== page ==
Young's efforts in the Championship season of 1947 should not be submerged by the runscoring feats of Compton and Edrich. The left-armer took 7 for 46 against Glamorgan, who were beaten inside two days, returned 6 for 41 and 5 for 36 against Northants, and took 9 for 82 in the match against Gloucestershire at Cheltenham, where Middlesex won by 68 runs despite Tom Goddard taking 15 wickets (7 for 70 and 8 for 86) for the home side. And Young picked up 5 for 36 against Northants as Middlesex wrapped up the title at Lord's on Aug 28. In all he took 159 wickets (17.38) in that season, topping Middlesex's averages (a position he was not to relinquish until 1955). His figures might have been even better had he not, after injuries to others, been asked to open the bowling for the last month of the season. In this unaccustomed role he picked up just one wicket.
That year Young won the first of his eventual eight Test caps: at Headingley he dismissed two of South Africa's most accomplished batsmen, Alan Melville and Bruce Mitchell. He appeared in three of the Tests against the powerful 1948 Australians, sending down 11 successive maidens (a Test record at the time) to Bradman and Hassett at Trent Bridge, finishing with 1 for 79 from 60 overs in the first innings. Young's five wickets in the series included Hassett twice, and his consistency won him a tour of South Africa, under his county captain George Mann. He took 41 wickets (24.73) on the tour, taking 6 for 38 against Border and 5 for 25 v Natal, but appeared in only two of the Tests.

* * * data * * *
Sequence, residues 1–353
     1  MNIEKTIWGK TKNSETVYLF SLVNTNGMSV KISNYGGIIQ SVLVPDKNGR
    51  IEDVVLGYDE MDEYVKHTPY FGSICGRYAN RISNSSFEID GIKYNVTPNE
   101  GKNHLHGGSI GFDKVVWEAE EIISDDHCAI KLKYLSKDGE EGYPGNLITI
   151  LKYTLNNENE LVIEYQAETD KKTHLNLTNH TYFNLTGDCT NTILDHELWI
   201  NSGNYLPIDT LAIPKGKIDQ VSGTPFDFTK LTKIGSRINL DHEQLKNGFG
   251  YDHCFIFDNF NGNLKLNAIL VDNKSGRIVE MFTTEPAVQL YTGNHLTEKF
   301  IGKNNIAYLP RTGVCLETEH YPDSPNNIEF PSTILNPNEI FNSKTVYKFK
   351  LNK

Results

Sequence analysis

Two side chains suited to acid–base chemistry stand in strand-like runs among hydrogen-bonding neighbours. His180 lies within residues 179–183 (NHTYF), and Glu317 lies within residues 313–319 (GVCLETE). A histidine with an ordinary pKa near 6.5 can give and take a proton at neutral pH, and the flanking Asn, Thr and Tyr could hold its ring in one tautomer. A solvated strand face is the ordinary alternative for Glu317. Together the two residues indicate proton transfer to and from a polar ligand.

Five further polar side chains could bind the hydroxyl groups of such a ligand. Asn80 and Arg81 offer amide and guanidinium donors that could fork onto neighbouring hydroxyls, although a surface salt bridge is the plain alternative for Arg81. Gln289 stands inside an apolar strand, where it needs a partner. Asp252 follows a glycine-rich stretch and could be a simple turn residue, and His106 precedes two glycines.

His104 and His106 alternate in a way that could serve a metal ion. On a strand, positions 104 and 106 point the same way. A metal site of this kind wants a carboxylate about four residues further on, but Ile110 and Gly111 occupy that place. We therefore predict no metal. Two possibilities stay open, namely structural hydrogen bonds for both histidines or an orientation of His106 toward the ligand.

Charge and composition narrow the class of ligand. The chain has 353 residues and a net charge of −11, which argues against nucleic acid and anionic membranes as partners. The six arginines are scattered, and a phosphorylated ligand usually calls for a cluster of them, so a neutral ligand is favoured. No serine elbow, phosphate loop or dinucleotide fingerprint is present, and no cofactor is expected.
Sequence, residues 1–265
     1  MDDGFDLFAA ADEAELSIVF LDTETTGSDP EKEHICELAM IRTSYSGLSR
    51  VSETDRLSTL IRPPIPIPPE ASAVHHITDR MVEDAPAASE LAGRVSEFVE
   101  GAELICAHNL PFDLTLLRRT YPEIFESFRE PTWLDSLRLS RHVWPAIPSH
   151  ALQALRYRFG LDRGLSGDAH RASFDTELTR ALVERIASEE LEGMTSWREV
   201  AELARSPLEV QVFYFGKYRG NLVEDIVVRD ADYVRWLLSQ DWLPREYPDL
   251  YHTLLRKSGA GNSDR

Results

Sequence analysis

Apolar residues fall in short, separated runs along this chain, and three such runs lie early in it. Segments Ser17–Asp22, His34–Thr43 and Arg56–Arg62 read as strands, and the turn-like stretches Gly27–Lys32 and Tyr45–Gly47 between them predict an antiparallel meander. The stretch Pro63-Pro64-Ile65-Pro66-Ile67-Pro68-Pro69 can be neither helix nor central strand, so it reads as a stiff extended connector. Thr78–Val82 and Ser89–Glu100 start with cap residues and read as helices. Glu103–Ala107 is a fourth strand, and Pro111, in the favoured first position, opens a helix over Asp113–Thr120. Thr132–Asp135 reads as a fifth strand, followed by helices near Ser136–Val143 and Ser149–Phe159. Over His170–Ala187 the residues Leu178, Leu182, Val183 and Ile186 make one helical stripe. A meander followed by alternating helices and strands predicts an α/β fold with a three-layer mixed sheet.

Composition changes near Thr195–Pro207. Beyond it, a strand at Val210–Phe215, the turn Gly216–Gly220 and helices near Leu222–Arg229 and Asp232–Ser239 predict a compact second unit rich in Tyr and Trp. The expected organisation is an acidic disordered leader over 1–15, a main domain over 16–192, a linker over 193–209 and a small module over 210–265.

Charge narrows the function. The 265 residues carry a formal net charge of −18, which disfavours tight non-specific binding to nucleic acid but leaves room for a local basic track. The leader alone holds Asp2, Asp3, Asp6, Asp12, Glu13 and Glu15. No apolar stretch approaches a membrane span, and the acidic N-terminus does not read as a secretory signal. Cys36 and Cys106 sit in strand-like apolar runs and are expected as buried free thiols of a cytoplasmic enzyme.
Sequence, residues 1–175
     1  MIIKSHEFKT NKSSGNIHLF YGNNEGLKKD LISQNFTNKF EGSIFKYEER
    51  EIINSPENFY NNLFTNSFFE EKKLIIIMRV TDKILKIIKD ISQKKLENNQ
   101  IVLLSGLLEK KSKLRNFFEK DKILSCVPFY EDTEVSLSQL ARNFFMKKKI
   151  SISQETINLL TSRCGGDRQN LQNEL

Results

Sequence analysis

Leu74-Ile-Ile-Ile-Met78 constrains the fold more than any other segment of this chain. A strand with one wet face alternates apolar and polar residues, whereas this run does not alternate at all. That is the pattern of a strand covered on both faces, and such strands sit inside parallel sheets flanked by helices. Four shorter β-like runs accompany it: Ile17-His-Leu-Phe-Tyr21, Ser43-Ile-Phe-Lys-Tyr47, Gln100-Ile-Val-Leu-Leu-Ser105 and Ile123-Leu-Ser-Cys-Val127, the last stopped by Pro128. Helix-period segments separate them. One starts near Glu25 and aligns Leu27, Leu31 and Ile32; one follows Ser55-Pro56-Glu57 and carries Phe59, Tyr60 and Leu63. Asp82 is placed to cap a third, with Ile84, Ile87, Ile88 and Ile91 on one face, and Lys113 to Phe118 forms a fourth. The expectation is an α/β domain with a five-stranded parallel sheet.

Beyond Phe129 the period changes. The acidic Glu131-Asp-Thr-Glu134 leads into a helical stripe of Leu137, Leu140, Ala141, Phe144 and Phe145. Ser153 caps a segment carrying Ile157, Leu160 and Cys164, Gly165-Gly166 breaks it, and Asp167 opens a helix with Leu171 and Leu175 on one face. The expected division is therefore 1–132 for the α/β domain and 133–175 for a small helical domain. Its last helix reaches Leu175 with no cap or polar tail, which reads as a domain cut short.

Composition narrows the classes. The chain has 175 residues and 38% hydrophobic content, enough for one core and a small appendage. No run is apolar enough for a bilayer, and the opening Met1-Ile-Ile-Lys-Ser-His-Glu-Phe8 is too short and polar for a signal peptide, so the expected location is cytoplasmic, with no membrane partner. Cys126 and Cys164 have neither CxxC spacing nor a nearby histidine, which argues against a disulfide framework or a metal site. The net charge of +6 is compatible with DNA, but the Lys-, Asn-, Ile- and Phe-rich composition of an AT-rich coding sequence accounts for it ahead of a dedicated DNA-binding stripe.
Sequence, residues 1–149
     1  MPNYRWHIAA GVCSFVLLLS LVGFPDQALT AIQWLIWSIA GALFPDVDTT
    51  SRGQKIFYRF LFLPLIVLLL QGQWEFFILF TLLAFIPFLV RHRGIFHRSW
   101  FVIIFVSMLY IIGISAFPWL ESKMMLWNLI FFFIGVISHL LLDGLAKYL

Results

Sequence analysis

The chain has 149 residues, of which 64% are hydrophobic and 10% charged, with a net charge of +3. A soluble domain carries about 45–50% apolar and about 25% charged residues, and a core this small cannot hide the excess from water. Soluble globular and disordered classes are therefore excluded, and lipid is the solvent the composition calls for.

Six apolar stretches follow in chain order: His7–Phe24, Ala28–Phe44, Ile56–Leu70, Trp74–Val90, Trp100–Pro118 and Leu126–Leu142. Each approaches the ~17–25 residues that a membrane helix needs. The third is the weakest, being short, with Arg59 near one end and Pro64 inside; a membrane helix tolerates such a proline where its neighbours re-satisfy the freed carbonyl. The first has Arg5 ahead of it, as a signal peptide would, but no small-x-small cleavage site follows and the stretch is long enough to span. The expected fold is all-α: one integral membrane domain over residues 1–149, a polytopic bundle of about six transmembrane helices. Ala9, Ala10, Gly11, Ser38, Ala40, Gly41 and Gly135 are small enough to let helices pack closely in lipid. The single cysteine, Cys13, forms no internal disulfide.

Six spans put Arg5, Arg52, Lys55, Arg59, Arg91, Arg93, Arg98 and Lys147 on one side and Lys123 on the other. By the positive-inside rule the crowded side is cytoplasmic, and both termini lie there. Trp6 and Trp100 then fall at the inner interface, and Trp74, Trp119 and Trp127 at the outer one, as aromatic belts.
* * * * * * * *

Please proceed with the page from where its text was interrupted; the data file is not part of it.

Young's final caps came against New Zealand in 1949. Ironically, his best Test bowling figures came in his last match: 3 for 65 at Lord's, where he brought Martin Donnelly's epic 206 to an end and also dismissed Mooney and Cave. He finished with 17 wickets (44.52) in his eight Tests.
Back at county level Young was as dangerous as ever, and as tight: he conceded scarcely over two runs an over throughout his career, while his wickets cost him fewer than 20 runs apiece. He took 150 wickets in 1949, 13 of them (for 119) coming against Kent at Canterbury. The previous year, at The Oval, he took 14 wickets - 7 for 50, 7 for 47 - against Surrey in Stan Squires's benefit match: Young snared the beneficiary in both innings.